Eye care specialists from India’s leading eye institute L. V. Prasad Eye Institute (LVPEI), Indian designer Tania Jain, German educational toy manufacturer Ravensburger and an independent global communication group called Serviceplan all of whom collaborated to create a unique open-source 3D printed puzzle called as ‘Fittle’. This 3D printed Fittle puzzle will help visually impaired people to quickly and efficiently learn Braille, a language for the visually impaired.
Specialists from L. V. Prasad Eye Institute (LVPEI) sought to ease this process and collaborated with multiple companies and agencies to create a unique way to help visually impaired people learn the language quickly.
According to statistics, there are 22 million visually impaired people in India itself. Most of them end up unemployed and have to resort to a low socio-economic status in the society because of lack of education.
The fittle project aims to raise funds and provide 3D printers to communities in schools for the blind and visually impaired in India and many other developing countries who cannot afford expensive learning devices.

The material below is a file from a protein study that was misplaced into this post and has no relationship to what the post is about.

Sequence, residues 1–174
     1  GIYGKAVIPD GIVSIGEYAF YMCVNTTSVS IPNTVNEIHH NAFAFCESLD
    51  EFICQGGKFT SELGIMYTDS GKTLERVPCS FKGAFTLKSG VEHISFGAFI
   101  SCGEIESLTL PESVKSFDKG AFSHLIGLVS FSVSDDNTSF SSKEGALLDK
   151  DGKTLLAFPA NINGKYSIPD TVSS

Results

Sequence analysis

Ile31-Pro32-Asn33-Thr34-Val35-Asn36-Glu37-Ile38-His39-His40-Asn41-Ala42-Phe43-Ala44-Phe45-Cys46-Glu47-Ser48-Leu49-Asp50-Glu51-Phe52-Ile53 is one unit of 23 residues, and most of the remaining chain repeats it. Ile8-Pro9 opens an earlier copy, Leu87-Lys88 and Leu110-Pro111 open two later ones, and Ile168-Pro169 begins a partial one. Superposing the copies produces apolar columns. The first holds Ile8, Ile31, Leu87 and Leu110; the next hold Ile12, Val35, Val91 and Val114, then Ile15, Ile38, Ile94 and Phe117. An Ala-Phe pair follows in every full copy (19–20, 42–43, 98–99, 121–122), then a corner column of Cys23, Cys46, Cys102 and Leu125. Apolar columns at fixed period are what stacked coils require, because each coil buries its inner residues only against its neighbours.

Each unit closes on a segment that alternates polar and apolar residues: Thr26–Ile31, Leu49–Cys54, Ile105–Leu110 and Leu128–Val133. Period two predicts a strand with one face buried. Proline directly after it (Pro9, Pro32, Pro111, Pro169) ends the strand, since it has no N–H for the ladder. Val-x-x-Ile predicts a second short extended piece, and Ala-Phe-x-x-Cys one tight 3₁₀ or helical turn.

AIIMS Doctors Used 3D Printed Implant to Replace Hip Joint in first-of-its-kind Surgery in India
A multi-disciplinary team of doctors, which included orthopaedic and vascular surgeons and critical care specialists at the All India Institute of Medical Sciences (AIIMS) – Delhi successfully performed a hip joint replacement surgery using a 3D printed medical implant.
The surgery which took eight long hours was performed on April 25, 2018, on 40-year-old Amit Bahnot wherein the doctors replaced a right hip joint with a near-perfect 3D printed implant.
Speaking to the Hindustan Times, Dr. Rajesh Malhotra, Professor, and Head of Orthopaedic Department said, “It was a complicated surgery because his pelvic bone was badly damaged.”
“This is the first time anyone in India has used this technology to create a near-perfect implant for a patient,” added Dr. Malhotra.
Two Kids Received Artificial Limbs Manufactured at “HASTHA” a New 3D Printing Facility in India